Navajo Nation now requires law degree for top chief justice

Former Navajo Nation Supreme Court Chief Justice Herb Yazzie holds a law degree and retired in May 2015. The current acting chief justice, Allen Sloan, also holds a law degree. Photo from Stanford University

The Chief Justice of the Navajo Nation Supreme Court must hold a law degree under a bill that was signed into law by President Russell Begaye.

The change will help the tribe come into compliance with the Tribal Law and Order Act of 2010 and the Violence Against Women Act of 2013. Both laws require a presiding judge with "sufficient legal training" and someone who is licensed to practice law by "any jurisdiction" in the United States.

"This new standard ensures that our Chief Justice will have been exposed to various fields of law in law school. This new higher standard will help move our Nation forward to obtain more self-determination over our own justice system,” Delegate Dwight Witherspoon, who sponsored Resolution CO-42-15, said in a press release. “At some point, the Navajo Nation needs to have authority over all judicial matters, including the seven major crimes that are prosecuted federally on Indian lands.”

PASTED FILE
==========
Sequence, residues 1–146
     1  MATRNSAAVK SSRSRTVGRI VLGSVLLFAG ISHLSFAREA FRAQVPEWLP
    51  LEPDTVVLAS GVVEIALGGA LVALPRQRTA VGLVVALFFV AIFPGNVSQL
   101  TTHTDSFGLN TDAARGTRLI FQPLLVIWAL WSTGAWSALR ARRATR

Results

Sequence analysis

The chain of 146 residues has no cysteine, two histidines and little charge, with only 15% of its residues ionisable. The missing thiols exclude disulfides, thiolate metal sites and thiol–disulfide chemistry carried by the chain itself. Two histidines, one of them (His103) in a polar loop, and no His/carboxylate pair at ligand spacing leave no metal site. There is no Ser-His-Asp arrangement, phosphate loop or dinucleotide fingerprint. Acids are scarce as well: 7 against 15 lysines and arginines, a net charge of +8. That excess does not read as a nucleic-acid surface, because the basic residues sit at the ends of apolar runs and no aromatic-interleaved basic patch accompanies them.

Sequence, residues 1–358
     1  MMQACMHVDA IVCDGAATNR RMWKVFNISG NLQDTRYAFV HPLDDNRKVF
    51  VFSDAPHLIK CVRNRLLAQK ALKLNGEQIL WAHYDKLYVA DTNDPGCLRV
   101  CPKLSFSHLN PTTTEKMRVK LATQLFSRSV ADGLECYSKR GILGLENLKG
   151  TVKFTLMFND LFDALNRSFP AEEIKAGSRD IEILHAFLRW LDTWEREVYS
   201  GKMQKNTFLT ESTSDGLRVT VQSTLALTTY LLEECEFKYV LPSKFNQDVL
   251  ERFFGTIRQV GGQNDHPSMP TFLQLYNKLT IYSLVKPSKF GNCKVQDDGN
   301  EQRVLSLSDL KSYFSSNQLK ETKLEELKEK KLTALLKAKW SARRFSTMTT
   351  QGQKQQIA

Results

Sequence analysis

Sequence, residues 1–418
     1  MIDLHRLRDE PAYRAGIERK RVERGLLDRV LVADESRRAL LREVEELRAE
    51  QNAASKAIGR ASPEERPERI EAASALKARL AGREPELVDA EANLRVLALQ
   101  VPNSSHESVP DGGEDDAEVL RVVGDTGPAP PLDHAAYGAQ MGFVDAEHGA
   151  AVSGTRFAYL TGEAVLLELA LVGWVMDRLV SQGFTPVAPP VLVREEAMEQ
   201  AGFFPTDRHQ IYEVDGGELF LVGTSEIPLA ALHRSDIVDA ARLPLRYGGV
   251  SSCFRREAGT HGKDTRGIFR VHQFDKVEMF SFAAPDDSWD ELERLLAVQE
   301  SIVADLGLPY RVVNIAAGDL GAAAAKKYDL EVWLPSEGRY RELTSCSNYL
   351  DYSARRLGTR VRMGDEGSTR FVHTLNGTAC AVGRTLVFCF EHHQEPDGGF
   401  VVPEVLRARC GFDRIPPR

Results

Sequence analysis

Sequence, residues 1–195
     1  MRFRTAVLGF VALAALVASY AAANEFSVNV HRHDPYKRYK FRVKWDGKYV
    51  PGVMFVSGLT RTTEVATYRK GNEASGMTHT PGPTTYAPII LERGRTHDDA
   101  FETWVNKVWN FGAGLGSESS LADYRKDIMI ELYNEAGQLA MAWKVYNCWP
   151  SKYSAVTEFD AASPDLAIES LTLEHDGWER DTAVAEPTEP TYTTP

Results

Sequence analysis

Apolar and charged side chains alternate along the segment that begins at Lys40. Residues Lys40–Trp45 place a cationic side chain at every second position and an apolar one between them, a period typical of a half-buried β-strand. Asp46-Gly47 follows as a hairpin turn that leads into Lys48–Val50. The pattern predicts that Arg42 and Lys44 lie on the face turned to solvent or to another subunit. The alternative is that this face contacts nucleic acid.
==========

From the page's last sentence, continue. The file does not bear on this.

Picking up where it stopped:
The Tribal Law and Order Act allows tribes to impose longer sentences on Indian criminal defendants. The Violence Against Women Act recognizes tribal jurisdiction over certain non-Indians who commit certain domestic violence offenses.

“In order to position the Nation to try non-Indians in our courts, our judges, especially at the Supreme Court level, need to have a Juris Doctor degree,” President Begaye said in a press release.

The acting chief justice of the Navajo Nation Supreme Court is Allen Sloan, who holds a law degree. The prior chief justice, Herb Yazzie, who retired in May, also holds a law degree.

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Law degree required for Navajo chief justice (The Farmington Daily-Times 11/4)

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